Two Tales Of Transport Refrigeration
Here is a profile of two such applications.
THE DAIRY BUSINESSDespite having customers like Starbucks Coffee Co., Barnes & Noble, ARAMARK, Cullinart, and more than 1,200 New York City board of education schools on its roster, New York-based Bartlett Dairy Inc. never forgets its roots. Founded in 1963 by Thomas Malave Sr., Bartlett Dairy started as a door-to-door home delivery and retail milk distributor in Queens. Today, the company has grown into one of the nation's largest minority-owned dairy suppliers with a diversified inventory of more than 500 items, including cake, pastries, frozen fruits, juice, fresh-baked breads and rolls, soups, cheeses, and milk.
Milk and milk products remain Bartlett's primary business. In fact, Bartlett is the largest fresh milk distributor in the Northeast for Elmhurst Dairy. Milk is placed on Bartlett refrigerated trucks the same day it is processed for next-day delivery. By eliminating the middleman (i.e., storage depots, warehouses), Bartlett's milk is often two days fresher than that of its competitors.
"We deliver to restaurants, schools, retail stores, institutions, supermarkets, and mom and pop grocery stores - all of which are counting on timely deliveries," said Tom Malave Jr., president. "We've been a customer of Thermo King for 15 years and are impressed with the dependability of the units, the parts availability, and the service and response time we get from our dealer, Thermo King of Long Island."
Bartlett's reefer fleet consists primarily of TS-500 50 model refrigeration units for 22- to 28-foot trucks. The company switched to the TS unit in 2001 after seeing it on Thermo King of Long Island's demo trailer.
"We asked for a demonstration on the TS and never looked back," said Malave. "It provides better performance, lower maintenance costs, and improved fuel consumption."
The company chose the 50 Model because of the electric standby option. "Bartlett trucks are loaded and parked in a large facility until the load is ready to be distributed," explained Michael Rudnick, owner of Thermo King of Long Island. "The electric plug-in option not only saves money in diesel fuel, but eliminates the emissions that contribute to the greenhouse effect."
Besides the TS-500 units, Bartlett purchases Ancra load bars from Thermo King to help secure, protect, and contain products during transport. Rudnick and staff conducted a product demo upon delivery of the first TS units to Bartlett's lead technicians so that they could instruct drivers on the units' operation.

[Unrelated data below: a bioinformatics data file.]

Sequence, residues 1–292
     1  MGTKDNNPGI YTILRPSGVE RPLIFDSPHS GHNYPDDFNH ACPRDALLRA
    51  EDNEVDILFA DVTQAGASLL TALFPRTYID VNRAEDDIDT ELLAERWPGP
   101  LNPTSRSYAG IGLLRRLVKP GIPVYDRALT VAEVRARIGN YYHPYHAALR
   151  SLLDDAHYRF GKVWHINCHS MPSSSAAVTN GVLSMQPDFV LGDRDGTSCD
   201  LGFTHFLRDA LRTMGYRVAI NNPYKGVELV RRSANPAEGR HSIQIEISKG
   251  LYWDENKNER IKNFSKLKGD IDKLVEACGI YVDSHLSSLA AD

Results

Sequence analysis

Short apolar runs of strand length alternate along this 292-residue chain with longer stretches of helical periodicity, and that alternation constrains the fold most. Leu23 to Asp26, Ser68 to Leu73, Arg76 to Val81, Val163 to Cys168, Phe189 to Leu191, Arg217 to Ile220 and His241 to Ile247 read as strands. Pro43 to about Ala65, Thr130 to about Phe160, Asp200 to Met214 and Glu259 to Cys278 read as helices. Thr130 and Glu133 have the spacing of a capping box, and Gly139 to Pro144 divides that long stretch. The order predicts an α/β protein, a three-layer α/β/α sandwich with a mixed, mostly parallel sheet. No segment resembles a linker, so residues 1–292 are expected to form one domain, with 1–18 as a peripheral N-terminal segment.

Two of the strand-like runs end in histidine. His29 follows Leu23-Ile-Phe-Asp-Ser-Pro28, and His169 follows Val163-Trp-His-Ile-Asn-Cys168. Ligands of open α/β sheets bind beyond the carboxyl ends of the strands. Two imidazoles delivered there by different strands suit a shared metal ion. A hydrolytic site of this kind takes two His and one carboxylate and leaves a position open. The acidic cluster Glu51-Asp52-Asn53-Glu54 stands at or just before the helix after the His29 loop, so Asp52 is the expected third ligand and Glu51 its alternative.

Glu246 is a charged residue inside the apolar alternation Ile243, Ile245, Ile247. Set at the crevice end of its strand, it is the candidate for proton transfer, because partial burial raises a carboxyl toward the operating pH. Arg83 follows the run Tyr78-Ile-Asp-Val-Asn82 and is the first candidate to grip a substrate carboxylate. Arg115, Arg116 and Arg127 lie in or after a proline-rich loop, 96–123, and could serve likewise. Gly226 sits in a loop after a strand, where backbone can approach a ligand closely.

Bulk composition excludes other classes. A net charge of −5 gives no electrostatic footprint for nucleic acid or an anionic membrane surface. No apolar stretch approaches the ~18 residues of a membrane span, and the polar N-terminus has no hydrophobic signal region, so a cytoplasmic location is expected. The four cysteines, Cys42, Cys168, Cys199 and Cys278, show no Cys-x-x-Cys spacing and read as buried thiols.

The Bartlett Dairy facility covers a radius of four city blocks in Jamaica, Queens, and includes an Elmhurst Dairy processing plant. Thomas Malave Sr.'s five sons - Michael, Kenny, Jimmy, Donald, and Tom Jr. - now manage Bart-lett Dairy, growing the business to more than 75 routes, with approximately $100 million in sales since the company's 1990 incorporation.
The company employs more than 150 people, including office, sales, ordering, warehousing, and delivery personnel, and offers services such as online ordering and service seven days a week. Within the next few years, the company plans to expand throughout the entire East Coast.
ON THE ROADWith more than 30 years of experience, W.L.A. Inc. owner Bill Anderson knows what makes a successful business.
"We treat our customers and employees with respect and consistently operate with strong Christian and family values. We take pride in our employees and equipment, providing clean, modern, up-to-date equipment and technology - all in an effort to provide the best transportation service available."
After selling the 1973-founded Anderson and Webb Trucking Co. (then known as A&W) in 1986 and waiting out a three-year no-compete clause, Anderson opened Mount Airy, N.C.-based W.L.A. Inc. in 1990.
The company offers 48-state transportation services with main freight lines to California, Washington, Oregon, and Midwestern states, then back to Maryland, Virginia, Pennsylvania, South Carolina, and North Carolina. Outbound freight consists of automobile filters, car care products, foam chemicals, textiles, and food products. Inbound freight consists of furniture, fresh produce, and other food products.
W.L.A. transports customer loads with its fleet of 125 trailers - 85 percent of which are refrigerated and range from 1998 to 2005 in model years. The company has 125 drivers for cross-country treks. In addition, 15 owner-operators are contracted to ensure delivery of all customer loads.
"We use team drivers, which are DOT-approved, drug-screened, and alcohol-tested," said Anderson. "The majority of our teams are husbands and wives."
The company primarily relies on Thermo King reefers to protect its customers' food loads; the newest of which are SB-210s with SmartReefer2â„¢ (SR-2) controllers. W.L.A. works with Thermo King Central Carolina. With one year of service recorded on the 51 units, Anderson said he has noticed many benefits.
"Not only is the SR-2 controller driver-friendly to operate, but the units are extremely quiet and provide a huge reduction in maintenance expenses," said Anderson.
The units are specified to accommodate the commodities hauled by W.L.A. Qualcomm satellite tracking devices have been used since 1993, providing immediate access to drivers.
To keep its equipment and technology running dependably and to ensure loads arrive with minimal delays, W.L.A. has a four-bay garage where all equipment is maintained and serviced. A separate clean-up bay was added in 1995.
For more information, visit www.thermoking.com. Peter Powell is refrigeration editor for The NEWS.
Publication date: 01/09/2006